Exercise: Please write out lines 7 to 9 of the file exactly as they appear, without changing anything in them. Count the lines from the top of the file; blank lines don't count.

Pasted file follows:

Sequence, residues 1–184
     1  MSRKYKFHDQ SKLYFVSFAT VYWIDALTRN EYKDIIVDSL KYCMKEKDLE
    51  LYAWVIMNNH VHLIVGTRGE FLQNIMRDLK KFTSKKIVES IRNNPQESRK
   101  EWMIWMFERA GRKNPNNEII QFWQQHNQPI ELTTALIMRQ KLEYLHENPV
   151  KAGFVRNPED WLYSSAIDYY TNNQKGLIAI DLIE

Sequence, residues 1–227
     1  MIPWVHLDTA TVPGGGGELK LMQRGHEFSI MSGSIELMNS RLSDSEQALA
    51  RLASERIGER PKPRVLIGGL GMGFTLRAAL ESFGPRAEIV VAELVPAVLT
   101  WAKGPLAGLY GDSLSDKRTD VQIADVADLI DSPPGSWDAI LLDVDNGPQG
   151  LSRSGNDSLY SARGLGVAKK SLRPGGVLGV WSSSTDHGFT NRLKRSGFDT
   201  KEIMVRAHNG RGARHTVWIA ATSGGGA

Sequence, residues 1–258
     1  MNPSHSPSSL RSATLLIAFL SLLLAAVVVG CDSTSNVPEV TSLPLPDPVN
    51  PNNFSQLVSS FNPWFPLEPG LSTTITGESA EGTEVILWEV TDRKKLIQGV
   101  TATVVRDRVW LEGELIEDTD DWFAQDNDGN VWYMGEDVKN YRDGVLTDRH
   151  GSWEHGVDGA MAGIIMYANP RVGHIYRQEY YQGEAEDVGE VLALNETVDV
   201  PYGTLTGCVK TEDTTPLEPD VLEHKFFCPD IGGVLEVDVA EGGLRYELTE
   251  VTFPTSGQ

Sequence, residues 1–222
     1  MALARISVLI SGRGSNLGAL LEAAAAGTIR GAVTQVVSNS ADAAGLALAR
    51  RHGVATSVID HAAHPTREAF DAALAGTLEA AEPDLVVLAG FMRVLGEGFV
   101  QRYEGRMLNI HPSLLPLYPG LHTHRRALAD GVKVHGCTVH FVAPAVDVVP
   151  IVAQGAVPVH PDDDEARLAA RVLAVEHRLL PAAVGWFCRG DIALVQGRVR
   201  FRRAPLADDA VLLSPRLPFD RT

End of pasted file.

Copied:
     1  MIPWVHLDTA TVPGGGGELK LMQRGHEFSI MSGSIELMNS RLSDSEQALA
    51  RLASERIGER PKPRVLIGGL GMGFTLRAAL ESFGPRAEIV VAELVPAVLT
   101  WAKGPLAGLY GDSLSDKRTD VQIADVADLI DSPPGSWDAI LLDVDNGPQG